For a bird's-eye view of the town, climb the 1,000-plus stairs of the bell tower. The landscape in all directions is breathtaking.
4. Eat Borscht
With the explosion of gastronomic tourism of late, many feel there's no better way to dig deep into a new culture than through their food. Traditional Ukrainian borscht can be found in restaurants all over the country. Available either hot or cold, it's a perfect example of the citizens stretching ingredients when times were tough, and if you're lucky, the very best versions will inspire you to find a recipe to make once you're back home.
5. Visit a Sunflower Field
Sunflower oil is one of Ukraine's largest exports; as a matter of fact, the country is the 2nd largest producer of the oil in the world. Tourists will find enormous fields of the flowers all over the country. With shades ranging from buttercup to golden orange, these platter-size beauties thrive in the area's soil and climate.
While setting up the perfect location for that Instagram selfie, just make sure to stay close to the edge of the field. The flowers are enormous, and those that get carried away wandering off might find themselves soon lost in a sea of yellow and green.
6. Take a Cooking Class and Eat Dumplings
Do a bit of research before your trip and find a restaurant that also offers cooking lessons of the famous Ukrainian dumplings, vareniki. They are available in many varieties, both sweet and savory, and foodies can find meat, potatoes, and cabbage, as well as sweet cherry and other local fruit flavors.
It's great fun to learn to carefully pinch the dough closed, have the restaurant cook them for you, and then indulge in a feast of traditional dishes after all the hard work you've performed.
7. Kamenets Podolsky Castle
Located in Kamianets-Podilskyi, a short walk from the old town, Kamenets Podolsky Castle is a striking landmark. This fortress, which has been in existence since before the 14th century, is the perfect place in the canyon to take pictures and explore. It's reminiscent of a fairy-tale castle.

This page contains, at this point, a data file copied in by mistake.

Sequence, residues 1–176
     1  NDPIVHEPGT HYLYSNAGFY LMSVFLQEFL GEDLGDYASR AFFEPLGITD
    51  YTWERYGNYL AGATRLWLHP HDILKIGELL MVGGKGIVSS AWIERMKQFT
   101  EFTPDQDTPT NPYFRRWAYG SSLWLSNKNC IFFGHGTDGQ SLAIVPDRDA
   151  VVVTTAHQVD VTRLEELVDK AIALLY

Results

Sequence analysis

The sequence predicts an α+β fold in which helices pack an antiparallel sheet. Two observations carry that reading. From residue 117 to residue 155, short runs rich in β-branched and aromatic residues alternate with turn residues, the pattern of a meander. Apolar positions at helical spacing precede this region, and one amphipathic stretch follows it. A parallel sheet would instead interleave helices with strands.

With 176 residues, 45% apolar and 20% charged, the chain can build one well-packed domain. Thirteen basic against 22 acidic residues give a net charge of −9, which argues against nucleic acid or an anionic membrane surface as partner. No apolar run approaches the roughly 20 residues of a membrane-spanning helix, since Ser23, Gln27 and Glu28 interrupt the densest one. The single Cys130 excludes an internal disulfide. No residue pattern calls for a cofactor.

Take a tour around the inside with all of its passageways and marvel at the manicured grounds. Even though this castle is centuries old, it has modern amenities like bathrooms and a café to make sure you enjoy your visit. The castle is especially beautiful at night when it's illuminated.
After spending the day exploring, take the short trip into the old town and grab a bite to eat at one of the many diverse restaurants.
Address: Zamkowa St, 1, Kam'yanets'-Podil's'kyi, Khmelnytskyi
8. Mezhyhirya: Former Presidential Palace, Kiev
Mezhyhirya is situated on the banks of the beautiful Dnieper River and is the former residence of ex-president of the Ukraine, Viktor Yanukovych. There is no shortage of things to do here, and it may be the most interesting and over-the-top place you have ever visited.
Today, in all its glory, the extravagant building is a symbol and reminder of institutional greed and corruption. Within its gated walls, there are tennis courts, a shooting range, an equestrian club, helicopter pad, ostrich farm, dog kennel, golf course, and hunting grounds.
Be sure to check out the auto museum that houses Yanukovich's former exotic cars; head to the main mansion, nicknamed "Honka;" or explore the grounds with heated lakes. Excess is the theme here, and some attractions are more ridiculous than others, from the exotic animals at the president's farm to the restaurant in the form of a Spanish galleon.
Address: Novi Petrivtsi, Kyiv Oblast
9. Odessa Opera and Ballet
The Odessa Opera and Ballet is located in a historic building in the center of town and is the oldest theater in Odessa, opening in 1810. Visitors can take in shows like Swan Lake or Madame Butterfly, all for about the price of a cup of coffee here in the United States. The unique horseshoe hall allows for excellent acoustics and gives the audience a full view of the performers on the stage.